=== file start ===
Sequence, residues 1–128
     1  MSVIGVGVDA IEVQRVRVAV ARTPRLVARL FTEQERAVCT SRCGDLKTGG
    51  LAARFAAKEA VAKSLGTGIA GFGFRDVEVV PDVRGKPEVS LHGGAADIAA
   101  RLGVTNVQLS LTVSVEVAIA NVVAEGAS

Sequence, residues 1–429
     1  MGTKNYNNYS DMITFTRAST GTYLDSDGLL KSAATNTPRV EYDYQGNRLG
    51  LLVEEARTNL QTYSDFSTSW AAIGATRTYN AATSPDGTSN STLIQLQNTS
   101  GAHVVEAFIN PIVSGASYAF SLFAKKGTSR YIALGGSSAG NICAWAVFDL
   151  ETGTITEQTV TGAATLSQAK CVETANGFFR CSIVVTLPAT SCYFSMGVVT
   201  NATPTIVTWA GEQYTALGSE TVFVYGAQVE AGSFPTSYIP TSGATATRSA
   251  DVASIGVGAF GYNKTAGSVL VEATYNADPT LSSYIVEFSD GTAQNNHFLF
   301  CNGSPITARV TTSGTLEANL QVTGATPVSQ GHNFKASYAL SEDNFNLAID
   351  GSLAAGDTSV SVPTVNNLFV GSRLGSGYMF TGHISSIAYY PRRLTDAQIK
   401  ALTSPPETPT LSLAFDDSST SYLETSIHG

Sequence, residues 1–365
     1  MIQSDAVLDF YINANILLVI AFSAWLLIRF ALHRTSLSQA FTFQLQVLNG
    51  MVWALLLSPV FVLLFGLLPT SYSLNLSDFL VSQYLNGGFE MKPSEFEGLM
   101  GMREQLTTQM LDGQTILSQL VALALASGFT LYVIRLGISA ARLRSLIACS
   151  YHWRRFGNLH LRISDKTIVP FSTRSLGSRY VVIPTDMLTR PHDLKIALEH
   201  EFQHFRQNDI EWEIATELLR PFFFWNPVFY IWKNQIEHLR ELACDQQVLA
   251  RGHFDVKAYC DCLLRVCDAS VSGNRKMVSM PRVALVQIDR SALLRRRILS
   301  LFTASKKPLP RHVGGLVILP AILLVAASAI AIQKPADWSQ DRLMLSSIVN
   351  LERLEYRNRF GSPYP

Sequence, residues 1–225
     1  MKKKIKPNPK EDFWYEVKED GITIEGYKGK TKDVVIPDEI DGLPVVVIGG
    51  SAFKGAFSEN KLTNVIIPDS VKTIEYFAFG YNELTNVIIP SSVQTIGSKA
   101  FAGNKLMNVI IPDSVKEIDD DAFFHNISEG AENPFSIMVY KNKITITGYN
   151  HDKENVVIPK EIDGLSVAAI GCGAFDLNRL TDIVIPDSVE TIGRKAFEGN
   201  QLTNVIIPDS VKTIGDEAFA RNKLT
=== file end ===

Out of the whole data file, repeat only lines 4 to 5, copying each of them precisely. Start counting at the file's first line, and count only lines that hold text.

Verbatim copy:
   101  RLGVTNVQLS LTVSVEVAIA NVVAEGAS

Sequence, residues 1–429